Hey Alex, it's Tom. That's a good question, overall fundamentally we’re an opportunistic builder and we seek to maximize profitability through diversified product offerings. And I’d say our mix should stay relatively similar to what we've currently been delivering and that’s approximately about 35% of our volume being done in that entry level first time buyer market, 45% in a move-up segment and maybe 20% in the luxury executive housing type. So we see that to maintain fairly similarly but we are opportunistic and we have the ability to shift as we see new value advantages in our different marketplaces.

Alex Barron

So, not sure if there is any significant drive towards more affordable or entry-level stuff?

Douglas Bauer

Alex, I mean we continue to be very opportunistic and we have continued to demonstrate the ability to build not only at the entry-level lets in the low 3s all the way up to $1.5 million, $2 million product. And one of the things that you could realize is being opportunistic gives us a broader platform to grow our business and add to our land counts and our community counts. So our operators have developed that skill set to do that and that's I think a huge distinctive advantage we have and we are not going to focus on just one, you don't turn a ship that way, we developed a strategy that we've had for a long time and it's been very successful and that's been opportunistic and we’ll continue to push on that strategy.

Thomas Mitchell

And by nature, we operate closer in on core markets that are close to employment centers or transportation corridors to employment centers and so that dictates a lot of the product offerings in itself.

Alex Barron

Okay and that's fair. And then, as it pertains to land sales I guess land sales have been significant component of your earnings last year and this year, do you guys foresee that into the future or were these just two opportunistic years that you saw but it's not going to be a major component going forward.

Douglas Bauer

I mentioned earlier by one of the questions, we continue to see our earnings growth in home building and less land sales in 2018, really a focus on home building, we see the land that we own that we got part of this transaction back in July 2014 for warehouses, a great ability, a opportunity to increase our community counts, bringing our brands here in California and maximize our profitability that way then doing land sales.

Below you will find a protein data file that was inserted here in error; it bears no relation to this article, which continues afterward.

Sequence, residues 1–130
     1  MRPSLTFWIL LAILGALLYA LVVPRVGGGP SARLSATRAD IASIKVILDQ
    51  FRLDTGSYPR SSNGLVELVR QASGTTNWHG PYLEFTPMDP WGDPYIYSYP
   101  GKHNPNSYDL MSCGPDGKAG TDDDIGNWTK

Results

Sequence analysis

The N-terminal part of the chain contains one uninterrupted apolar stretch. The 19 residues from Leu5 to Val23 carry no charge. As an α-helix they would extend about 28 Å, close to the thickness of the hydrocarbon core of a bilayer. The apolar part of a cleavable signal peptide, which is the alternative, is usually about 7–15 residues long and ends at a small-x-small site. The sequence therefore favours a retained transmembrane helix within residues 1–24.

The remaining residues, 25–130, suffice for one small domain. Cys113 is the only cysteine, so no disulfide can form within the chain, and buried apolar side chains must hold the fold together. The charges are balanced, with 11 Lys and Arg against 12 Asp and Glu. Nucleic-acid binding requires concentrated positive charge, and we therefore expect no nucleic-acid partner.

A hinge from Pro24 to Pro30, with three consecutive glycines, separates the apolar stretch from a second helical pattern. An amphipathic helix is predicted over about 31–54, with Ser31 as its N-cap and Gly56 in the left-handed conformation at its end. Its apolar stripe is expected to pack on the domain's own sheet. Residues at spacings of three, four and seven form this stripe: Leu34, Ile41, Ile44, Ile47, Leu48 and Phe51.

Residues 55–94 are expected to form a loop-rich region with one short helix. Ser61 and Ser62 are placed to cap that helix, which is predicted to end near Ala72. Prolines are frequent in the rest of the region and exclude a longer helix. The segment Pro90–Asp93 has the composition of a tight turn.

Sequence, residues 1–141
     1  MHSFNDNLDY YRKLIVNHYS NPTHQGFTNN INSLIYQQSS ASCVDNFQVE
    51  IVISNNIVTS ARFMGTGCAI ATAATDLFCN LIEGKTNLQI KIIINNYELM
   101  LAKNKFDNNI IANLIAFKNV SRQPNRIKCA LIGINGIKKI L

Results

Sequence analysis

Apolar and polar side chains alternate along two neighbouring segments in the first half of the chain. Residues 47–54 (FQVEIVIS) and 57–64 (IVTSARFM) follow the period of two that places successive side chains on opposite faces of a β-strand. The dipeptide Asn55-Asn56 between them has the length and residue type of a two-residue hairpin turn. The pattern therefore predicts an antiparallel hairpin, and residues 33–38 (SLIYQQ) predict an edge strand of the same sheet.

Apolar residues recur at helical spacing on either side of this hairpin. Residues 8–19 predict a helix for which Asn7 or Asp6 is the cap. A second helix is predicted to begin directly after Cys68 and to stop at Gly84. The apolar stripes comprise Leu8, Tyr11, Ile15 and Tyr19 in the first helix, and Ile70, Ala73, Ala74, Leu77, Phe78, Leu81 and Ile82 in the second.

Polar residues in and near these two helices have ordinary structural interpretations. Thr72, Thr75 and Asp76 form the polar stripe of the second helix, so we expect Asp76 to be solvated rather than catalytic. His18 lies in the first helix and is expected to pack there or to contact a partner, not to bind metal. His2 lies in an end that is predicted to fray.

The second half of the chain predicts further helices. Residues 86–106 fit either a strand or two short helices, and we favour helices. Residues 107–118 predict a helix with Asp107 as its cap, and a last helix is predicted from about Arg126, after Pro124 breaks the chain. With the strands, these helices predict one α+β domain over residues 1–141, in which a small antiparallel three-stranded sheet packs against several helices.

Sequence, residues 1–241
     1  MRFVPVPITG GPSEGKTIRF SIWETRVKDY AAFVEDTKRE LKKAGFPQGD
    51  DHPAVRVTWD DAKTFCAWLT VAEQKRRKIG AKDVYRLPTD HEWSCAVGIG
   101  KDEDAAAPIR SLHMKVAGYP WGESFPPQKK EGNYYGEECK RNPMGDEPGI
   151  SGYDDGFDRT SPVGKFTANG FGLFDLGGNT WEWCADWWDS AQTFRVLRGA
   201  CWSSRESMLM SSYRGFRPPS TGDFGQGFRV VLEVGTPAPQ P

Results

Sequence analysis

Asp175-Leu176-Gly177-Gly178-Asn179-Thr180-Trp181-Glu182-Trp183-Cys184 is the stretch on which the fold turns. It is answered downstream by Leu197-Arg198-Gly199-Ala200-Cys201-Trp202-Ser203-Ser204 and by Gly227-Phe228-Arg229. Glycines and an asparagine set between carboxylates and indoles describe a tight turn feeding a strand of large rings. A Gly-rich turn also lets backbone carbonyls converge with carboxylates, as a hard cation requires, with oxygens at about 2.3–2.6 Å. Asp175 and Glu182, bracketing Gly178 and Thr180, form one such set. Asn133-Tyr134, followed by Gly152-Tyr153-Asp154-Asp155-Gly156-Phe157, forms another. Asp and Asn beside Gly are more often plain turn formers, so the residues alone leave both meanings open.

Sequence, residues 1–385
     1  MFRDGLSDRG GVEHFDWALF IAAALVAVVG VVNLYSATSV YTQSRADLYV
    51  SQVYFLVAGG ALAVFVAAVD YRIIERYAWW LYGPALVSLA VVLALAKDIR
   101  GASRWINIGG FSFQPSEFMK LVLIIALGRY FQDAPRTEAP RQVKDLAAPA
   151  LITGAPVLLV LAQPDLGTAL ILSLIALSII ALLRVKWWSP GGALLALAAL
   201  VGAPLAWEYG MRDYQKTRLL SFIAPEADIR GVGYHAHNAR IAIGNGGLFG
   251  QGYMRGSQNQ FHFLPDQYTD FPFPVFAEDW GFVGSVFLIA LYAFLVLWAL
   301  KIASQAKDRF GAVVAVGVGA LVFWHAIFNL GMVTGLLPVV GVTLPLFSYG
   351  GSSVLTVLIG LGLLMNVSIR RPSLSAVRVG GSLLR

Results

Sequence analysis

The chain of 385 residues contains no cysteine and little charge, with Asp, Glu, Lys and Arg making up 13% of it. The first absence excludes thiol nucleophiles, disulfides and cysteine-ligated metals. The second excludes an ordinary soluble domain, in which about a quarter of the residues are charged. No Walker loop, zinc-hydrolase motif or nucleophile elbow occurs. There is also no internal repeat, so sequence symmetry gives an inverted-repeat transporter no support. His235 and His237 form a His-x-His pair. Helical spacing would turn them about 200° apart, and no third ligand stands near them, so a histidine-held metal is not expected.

Operator

Thank you. You are next question comes from Dan Jacome from Sidoti & Company.

DanJacome

Most of my questions were answered but I'm sorry if I missed it, I got on late, did you guys given an update on the Aliento brand in Golden Valley?

Douglas Bauer

What was your question?

Thomas Mitchell

Aliento project in Golden Valley.

Douglas Bauer

We have not really talked about it on the call but we are encouraged as we've been moving through our land development efforts there and the hopes of getting that community to a grand opening in first quarter of 2017. Mike did discuss a little bit that we've got a strategy where we are employing both our Pardee brands and TRI Pointe brands in that same community. One thing to note Dan is that the Sand fire in the Santa Clarita area was burning adjacent to our Aliento community, we sustained no damage, the fire is current currently 25% contained but moving in a different direction, so we don't see any immediate impact from that.

Operator

Thank you. At this time we have no further questions, I will turn the call back over to Doug Bauer for closing comments.

Douglas Bauer

Well thank you everybody and we apologize for some of the [indiscernible] at the beginning of the call, but we are very pleased with the second quarter and look forward to talking to all of you at the end of next quarter, have a great week and a great day. Thank you.

Operator

Thank you, this does conclude today's teleconference, you may disconnect your lines at this time, thank you for your participation.